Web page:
Little Men is a successor toLouisa May Alcott'sLittle Women, in which the heroine of the prior book has founded a school.Little Menshifts away from the focus ofLittle Womenand is more targeted at children, with more focus on its juvenile cast. The book didn't receive the same popularity asLittle Women, but it's still a valuable read in the history of children's literature or for fans of the prior book who wish to know what happens to Jo March.
Little Womenis probably the masterpiece of author Louisa May Alcott. It is undoubtedly her most popular work.Little Womenis the story of four sisters coming of age in 19th century America, and learning to navigate the expectations of womanhood. The book revolutionized literature targeted at girls when it came out, and literature more broadly with its anticipation of literary realism. It has inspired generations of readers with its cast of ambitious and fully realized female leads, and its read of the gendered culture of its day.
Peter Pan, or, the Boy Who Wouldn't Grow Upis a classic work of fantasy about a boy who, as the title implies, refuses to grow old. This whimsical journey through childhood underscores the tensions of growing up, and offers a thorough glimpse into the adolescent mind. Although some aspects of the plot have aged very poorly (like the stereotypical Native American characters), the book usually retains its fanciful charm.
A staple of high school curricula, The Picture of Dorian Grayis the most famous novel by acclaimed writer Oscar Wilde. The book focuses on a strange supernatural occurrence in which the title character is kept youthful by a portrait of him he keeps in his home. The book tells a grippingtale of vanity and moral decay that has engaged generations of readers. Wilde maintains his characteristic wit and form, making it a rewarding read.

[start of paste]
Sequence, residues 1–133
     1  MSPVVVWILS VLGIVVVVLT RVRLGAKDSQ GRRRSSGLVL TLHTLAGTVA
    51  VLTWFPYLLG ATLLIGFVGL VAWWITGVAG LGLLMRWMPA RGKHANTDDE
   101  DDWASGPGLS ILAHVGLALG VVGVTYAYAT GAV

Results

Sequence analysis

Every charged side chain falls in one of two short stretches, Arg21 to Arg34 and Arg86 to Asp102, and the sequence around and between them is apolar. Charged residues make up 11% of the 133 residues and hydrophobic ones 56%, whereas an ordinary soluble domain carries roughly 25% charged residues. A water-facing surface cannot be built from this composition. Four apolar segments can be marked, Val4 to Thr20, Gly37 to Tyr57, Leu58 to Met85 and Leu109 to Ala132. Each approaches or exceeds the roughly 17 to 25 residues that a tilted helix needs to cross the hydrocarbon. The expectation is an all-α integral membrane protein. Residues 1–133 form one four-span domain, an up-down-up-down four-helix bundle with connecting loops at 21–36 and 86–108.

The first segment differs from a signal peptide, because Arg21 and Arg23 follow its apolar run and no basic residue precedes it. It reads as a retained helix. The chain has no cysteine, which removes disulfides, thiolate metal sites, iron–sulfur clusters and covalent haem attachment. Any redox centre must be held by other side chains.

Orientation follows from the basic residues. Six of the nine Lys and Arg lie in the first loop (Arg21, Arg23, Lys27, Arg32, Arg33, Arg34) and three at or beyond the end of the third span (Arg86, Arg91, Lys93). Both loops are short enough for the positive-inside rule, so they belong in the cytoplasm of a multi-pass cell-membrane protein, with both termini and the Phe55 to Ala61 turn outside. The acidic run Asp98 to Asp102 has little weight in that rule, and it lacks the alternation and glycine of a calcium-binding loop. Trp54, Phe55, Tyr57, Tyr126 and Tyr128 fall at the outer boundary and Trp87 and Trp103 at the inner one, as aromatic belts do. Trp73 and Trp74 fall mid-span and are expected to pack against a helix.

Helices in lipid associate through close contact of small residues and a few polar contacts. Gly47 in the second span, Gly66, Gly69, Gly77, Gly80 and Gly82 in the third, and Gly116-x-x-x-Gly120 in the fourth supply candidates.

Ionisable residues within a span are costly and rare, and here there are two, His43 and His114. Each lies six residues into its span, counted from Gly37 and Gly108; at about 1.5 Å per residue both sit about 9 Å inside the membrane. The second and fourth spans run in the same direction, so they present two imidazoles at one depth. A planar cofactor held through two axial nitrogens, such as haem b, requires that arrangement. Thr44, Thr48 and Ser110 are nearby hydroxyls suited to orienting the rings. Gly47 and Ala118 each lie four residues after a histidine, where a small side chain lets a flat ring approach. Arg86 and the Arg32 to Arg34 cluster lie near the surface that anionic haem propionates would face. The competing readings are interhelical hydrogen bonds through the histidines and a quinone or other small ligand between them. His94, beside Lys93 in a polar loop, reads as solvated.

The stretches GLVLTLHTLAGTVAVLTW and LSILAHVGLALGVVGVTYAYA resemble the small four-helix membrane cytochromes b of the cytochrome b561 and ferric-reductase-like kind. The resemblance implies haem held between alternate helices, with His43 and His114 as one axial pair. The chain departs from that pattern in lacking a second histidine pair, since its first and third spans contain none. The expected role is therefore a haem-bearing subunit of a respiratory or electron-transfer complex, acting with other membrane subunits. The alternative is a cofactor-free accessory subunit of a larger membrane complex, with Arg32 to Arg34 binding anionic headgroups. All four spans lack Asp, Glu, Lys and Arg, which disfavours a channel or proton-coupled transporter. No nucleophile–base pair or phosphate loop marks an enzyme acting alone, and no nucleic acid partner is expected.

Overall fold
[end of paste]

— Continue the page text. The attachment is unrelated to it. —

Based on a real-life German nobleman, Baron Munchausen is a braggart who recounts all sorts of outrageous tales about his exploits. The farcical baron, who claims to have ridden a cannonball and gone to the moon, is a beloved character of continental literature. Baron Munchausen has been highly influential, even lending his name to Munchausen syndrome, a condition where someone fakes illness for sympathy.
Tales from Shakespeareis a historical fiction collection meant to prime newer readers on the stories of Shakespeare's plays. The idea of the book is that knowing the stories will make it easier to engage with the (sometimes quite dense) old masterpieces. The stories themselves, which Shakespeare adapted from numerous older sources, are well worth a read even without the Bard's iconic verse.
Utopiaby Sir Thomas Moreshould be well known for the word it contributed to the English language, "utopian."Utopiais More's description of an idealized society from the perspective of More himself, filtered through the account of a fictional traveler. Although many aspects of Utopia aren't quite, well, utopian today (such as the inclusion of slavery and lifelong punishments for premarital sex) the concept itself has proven its immense staying power.
Billy Shakes's reputation precedes him. But, for readers who are unaware, William Shakespeare is the world's most performed playwright, with productions happening constantly around the world. The Bard, as he is known, wrote near the peak of the English Renaissance, and many of his 35 plays are considered incomparable classics. Readers will best know his four great tragedies (Hamlet, Othello, King Lear andMacbeth), his tale of youthful loveRomeo and Juliet, and his historical playsRichard IIIandJulius Caesar.